As western countries faltered in the face of coronavirus pandemics and political instability, China quietly ramped up its efforts to create a griphold on global trade. Having established its Belt and Road development strategy a decade earlier, China took advantage of 2020 turbulence to put key alliances in place.
The Regional Comprehensive Economic Partnership, or RCEP, signed in November of that year, sealed East Asia as the undisputed prime hub of geoeconomics. It was the first trade deal to unite Japan, South Korea and China.
Having established regional hegemony, China was now free to pursue another route to global domination; an approach that focused on developing China’s economic, diplomatic, and political influence on a global scale. One Belt, One Road… one leader.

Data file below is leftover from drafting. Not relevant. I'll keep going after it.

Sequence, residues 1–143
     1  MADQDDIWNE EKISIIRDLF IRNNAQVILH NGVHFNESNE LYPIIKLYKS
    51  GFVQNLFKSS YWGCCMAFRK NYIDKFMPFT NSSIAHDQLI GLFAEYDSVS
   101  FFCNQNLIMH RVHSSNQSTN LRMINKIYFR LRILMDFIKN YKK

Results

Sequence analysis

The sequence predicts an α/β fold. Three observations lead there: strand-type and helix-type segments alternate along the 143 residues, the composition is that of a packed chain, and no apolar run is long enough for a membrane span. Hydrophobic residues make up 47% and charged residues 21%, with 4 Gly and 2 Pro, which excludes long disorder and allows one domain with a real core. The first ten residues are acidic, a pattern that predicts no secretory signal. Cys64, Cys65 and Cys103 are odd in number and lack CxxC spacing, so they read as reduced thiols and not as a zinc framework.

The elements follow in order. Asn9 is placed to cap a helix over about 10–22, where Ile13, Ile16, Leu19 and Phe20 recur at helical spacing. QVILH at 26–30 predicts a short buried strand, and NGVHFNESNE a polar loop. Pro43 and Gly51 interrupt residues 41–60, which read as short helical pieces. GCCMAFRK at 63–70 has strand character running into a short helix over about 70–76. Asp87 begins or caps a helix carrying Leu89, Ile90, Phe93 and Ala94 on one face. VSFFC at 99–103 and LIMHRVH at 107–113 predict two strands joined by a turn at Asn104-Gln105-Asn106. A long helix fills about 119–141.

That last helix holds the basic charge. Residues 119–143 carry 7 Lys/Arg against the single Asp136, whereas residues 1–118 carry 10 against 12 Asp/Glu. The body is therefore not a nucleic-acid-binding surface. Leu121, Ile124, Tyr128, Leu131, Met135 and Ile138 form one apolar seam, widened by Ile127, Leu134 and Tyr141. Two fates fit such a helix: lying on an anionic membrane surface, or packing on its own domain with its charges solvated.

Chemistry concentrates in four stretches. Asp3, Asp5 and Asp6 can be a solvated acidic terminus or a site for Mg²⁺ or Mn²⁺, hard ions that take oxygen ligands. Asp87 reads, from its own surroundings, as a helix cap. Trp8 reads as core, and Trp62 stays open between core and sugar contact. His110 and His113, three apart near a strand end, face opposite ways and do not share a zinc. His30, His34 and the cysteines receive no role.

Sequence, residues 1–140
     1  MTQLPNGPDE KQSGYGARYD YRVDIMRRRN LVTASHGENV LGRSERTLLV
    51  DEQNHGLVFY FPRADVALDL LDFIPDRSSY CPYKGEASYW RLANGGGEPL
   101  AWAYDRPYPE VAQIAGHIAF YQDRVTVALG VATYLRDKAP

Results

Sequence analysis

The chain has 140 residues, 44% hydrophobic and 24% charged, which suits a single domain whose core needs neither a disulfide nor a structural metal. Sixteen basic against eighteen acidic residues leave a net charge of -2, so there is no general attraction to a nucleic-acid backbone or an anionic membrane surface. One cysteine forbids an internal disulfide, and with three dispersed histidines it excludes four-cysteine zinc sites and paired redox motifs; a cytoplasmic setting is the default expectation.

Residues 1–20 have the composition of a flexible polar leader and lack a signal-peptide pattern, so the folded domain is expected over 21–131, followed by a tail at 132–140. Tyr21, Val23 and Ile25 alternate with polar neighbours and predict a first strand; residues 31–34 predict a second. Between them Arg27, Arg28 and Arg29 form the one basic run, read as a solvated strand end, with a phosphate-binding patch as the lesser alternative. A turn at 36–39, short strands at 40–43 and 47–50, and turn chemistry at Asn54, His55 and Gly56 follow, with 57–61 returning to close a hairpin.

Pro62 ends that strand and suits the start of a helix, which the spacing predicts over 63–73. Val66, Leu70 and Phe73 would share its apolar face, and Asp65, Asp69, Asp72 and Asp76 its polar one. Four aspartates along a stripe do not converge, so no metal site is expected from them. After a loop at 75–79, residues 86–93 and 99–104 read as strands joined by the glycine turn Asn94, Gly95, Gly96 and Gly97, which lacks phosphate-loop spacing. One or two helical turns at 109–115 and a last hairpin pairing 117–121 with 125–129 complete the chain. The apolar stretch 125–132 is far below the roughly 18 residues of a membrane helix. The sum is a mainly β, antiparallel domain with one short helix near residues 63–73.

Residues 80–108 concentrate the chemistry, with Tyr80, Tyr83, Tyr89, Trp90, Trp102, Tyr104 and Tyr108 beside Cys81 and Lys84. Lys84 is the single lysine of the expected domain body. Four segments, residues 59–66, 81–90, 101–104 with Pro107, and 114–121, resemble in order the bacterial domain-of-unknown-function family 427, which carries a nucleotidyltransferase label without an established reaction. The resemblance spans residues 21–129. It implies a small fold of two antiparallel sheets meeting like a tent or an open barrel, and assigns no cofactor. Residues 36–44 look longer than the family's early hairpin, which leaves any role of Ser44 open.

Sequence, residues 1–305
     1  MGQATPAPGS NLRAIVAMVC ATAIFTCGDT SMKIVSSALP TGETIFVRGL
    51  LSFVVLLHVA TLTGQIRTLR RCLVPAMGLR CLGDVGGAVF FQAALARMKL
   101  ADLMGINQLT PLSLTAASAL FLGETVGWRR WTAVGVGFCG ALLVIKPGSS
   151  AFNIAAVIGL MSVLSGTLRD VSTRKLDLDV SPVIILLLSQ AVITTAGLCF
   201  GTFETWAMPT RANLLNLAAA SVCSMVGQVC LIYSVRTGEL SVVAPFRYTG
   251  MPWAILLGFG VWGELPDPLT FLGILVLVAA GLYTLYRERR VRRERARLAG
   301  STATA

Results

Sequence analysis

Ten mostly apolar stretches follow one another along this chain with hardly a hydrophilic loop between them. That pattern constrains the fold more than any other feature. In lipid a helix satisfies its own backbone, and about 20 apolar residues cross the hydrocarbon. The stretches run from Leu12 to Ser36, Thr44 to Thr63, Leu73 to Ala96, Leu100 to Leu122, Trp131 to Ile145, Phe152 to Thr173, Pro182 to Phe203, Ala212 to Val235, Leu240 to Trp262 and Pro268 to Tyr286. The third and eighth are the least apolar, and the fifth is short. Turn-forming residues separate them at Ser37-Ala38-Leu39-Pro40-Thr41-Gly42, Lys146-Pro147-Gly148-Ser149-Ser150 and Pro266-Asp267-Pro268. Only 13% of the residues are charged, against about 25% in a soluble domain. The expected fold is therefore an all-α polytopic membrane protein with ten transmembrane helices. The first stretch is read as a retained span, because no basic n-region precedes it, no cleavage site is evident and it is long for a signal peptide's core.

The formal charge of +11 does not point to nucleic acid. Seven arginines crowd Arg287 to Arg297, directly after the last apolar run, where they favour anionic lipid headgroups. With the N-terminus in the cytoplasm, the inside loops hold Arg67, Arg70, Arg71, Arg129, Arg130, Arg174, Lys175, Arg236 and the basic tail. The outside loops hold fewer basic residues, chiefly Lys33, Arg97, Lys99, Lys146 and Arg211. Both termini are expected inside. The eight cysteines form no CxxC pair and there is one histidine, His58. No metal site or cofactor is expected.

As one senior Chinese official put it, they are less concerned with American or European party politics than whether the western world would accept and respect the rise of China. And rise it will.
Now China has poured more than concrete and built more than ships to expand the Belt and Road; the Digital Silk Road has spearheaded the effort, sweeping like a virus across the globe, with tech giants like Huawei and Ant Group using artificial intelligence, blockchain, and deep data analytics – and innovation at speed – to dominate their industries.
To put it in perspective, Alipay is now more than double the size of Visa and Mastercard put together; and they haven’t stopped expanding, globally. Singles Day generates more turnover than the GDP of Slovenia – in 24 hours!
China’s leaders are famously reserved and difficult to read; but their global ambitions are clear. It’s time for China to rise. And the silk noose is tightening.